Realtors deny they ‘defrauded’ Manjit Kaur Gill
By Natalie Clancy, CBC News
A Surrey cancer patient, Manjit Kaur Gill, claims realtors, Don and Surinder Dhanoa, took advantage of her deteriorating health to “cheat” her into an investment scheme that she says cost her half a million dollars, according to a notice of civil claim filed in B.C. Supreme Court.
“Every night I go to bed and I feel like I’m cheated …. and I can’t sleep” said Gill.
The 61 year-old widow claims the husband and wife team have been family friends for 35 years, and that she trusted them.
She claims she had profited from two real estate deals with the Dhanoas in the past.
The couple denies all the allegations but Gill’s lawsuit says that in September 2013, just a month after she learned her kidney cancer had spread to her brain, they misrepresented an investment opportunity.
She claims the Dhanoas asked her to invest $500,000 in a deal to purchase a $17-million commercial property on King George Highway in Surrey.
Gill claims Don Dhanoa pressured her to provide a bank draft made out to a numbered company, and he would provide a promissory note upon her return from a trip to visit relatives.
Plans to shadow flip for profit
The lawsuit claims Gill was promised a $1 million return on her investment in six months.
The plan was that the Dhanoas would find a third party purchaser to re-assign the contract to, in a transaction known as shadow flipping.
This kind of transaction has recently put realtors under intense scrutiny after the province announced new regulations on the reselling of contracts,
In Gill’s case, the property was never flipped because she believes the deal never went through.
She claims when she asked the Dhanoas for details on the purchase, they refused to give her the exact address, citing a non-disclosure agreement with the vendor and buyer.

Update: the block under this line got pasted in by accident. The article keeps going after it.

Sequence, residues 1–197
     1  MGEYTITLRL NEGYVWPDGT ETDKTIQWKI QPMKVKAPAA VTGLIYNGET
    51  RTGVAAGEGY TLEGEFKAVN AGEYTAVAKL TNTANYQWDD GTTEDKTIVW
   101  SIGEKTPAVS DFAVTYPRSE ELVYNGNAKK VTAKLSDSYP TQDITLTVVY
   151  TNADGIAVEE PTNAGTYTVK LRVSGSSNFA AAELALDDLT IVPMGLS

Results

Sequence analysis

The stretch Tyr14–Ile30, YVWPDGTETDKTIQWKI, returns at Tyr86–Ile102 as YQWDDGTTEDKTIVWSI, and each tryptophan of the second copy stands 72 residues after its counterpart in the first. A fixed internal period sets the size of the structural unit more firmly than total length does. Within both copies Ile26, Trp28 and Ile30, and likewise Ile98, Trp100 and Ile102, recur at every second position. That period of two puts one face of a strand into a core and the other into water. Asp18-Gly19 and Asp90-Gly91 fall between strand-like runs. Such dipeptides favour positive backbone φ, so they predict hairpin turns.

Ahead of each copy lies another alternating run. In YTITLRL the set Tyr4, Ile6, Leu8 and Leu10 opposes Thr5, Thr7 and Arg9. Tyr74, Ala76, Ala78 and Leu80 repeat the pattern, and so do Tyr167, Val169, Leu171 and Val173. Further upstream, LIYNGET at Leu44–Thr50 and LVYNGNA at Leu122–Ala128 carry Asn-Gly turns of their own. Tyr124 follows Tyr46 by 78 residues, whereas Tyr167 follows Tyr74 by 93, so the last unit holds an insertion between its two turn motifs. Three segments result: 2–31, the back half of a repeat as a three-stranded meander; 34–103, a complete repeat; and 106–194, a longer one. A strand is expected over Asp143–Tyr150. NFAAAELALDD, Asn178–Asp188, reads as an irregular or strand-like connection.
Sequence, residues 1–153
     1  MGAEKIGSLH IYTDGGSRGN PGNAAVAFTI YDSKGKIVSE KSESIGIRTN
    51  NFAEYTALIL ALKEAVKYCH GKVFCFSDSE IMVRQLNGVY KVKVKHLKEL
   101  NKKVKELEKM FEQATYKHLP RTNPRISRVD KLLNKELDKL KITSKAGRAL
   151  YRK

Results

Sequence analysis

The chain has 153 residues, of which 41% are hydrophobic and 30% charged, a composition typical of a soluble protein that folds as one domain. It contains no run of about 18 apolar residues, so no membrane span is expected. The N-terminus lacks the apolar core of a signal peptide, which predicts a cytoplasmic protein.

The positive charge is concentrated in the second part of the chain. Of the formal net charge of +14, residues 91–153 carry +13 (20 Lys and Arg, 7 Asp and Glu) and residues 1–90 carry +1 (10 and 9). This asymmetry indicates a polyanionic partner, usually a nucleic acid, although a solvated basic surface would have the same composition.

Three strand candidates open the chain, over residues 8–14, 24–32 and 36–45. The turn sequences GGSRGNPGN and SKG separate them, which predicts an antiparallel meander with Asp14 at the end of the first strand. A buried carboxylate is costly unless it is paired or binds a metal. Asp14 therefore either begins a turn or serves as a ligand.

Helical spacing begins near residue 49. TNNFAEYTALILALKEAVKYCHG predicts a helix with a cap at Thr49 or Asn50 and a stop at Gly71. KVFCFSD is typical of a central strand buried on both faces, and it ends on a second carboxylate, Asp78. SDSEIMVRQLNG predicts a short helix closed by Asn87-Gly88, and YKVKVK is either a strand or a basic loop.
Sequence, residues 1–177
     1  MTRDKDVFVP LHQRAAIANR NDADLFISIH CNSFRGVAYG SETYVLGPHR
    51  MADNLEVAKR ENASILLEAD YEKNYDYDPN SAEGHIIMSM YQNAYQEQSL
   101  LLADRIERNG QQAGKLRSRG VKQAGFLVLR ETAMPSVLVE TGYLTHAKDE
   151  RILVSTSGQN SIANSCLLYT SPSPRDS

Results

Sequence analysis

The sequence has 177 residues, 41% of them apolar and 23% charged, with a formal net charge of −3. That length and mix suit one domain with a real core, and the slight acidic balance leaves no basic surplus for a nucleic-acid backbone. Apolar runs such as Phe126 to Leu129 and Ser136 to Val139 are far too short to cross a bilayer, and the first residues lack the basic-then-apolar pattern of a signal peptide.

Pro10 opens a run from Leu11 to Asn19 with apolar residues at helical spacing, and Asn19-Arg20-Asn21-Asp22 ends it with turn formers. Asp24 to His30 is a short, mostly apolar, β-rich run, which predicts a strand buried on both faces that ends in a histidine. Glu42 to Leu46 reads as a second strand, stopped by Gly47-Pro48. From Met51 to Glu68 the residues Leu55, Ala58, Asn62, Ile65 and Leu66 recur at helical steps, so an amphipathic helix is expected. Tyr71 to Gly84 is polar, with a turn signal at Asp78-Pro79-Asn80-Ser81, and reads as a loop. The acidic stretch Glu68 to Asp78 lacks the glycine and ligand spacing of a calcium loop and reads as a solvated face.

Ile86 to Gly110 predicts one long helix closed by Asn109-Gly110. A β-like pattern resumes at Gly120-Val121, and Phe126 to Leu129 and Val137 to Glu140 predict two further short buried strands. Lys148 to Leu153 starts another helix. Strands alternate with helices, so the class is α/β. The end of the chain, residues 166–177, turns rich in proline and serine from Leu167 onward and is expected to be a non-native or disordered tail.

Months went by while she underwent radiation treatment, and she waited for a promissory note or written contract.
Eventually after two years, she claims she asked Don Dhanoa for repayment of what she believed was a short-term loan.
Alleged ‘conspiracy’ to ‘defraud’
The allegations have not been tested in court, but Gill’s lawsuit alleges that the Dhanoas breached their verbal contract and breached their fiduciary duty to Gill, or alternatively, “knowingly and deliberately conspired together with the intent to injure the Plaintiffs’s by defrauding them…”
The Dhanoas have a much different version of what happened with Gill’s money.
In their response filed in the case, the Dhanoas deny all of the allegations against them, and request the suit be dismissed with costs.
“It’s false, this has nothing to do with real estate” said Don Dhanoa when reached by phone.
Investment was in India not Surrey: defendants
The Dhanoas allege that Gill “was fully aware of her dealings with the corporate Defendant. All dealings were transparent and straightforward.”
The couple says the investment did not involve property in Surrey. It was a business overseas.
“She clearly knew about her investment in India and did not disclose that to her son or daughter.” says the response to claim.
In an email to CBC news, Don Dhanoa wrote, “Several companies invested in projects in India several years ago, it was nothing to do with the fact that I’m a realtor…”
And he says they are also struggling with health issues.
“They are trying to take advantage of us at a vulnerable time where I am in the process of getting a kidney transplant and my wife is the donor,” wrote Dhanoa.
Both parties say they met to try to resolve the matter before the lawsuit was filed.
‘I have done nothing wrong,’ says Dhanoa
“They warned me that they would try and smear my reputation, I did not give in, as I have done nothing wrong” wrote Dhanoa.
“In an attempt to blackmail me, they told me that they were going to sue my wife, my son and my daughter even though they have nothing to do with the corporate transaction.”
His two children are also named in the suit along with a numbered company, 689939 B.C. Ltd..
In court documents Dhanoa, his wife and son claim they were “never agents” of the company that Gill paid.
But annual reports obtained by CBC from B.C.’s corporate registry list both that son and his sister as the only named officers of the company, which was dissolved five months after Gill’s claims her money was deposited.
“Seeking to enforce your legal rights is not tantamount to blackmail, and it isn’t blackmail” said lawyer Martin Finch who represents Gill, who is also preparing for more surgery after her cancer spread to her remaining kidney.
Dhanoa’s daughter has not yet filed a response to the suit.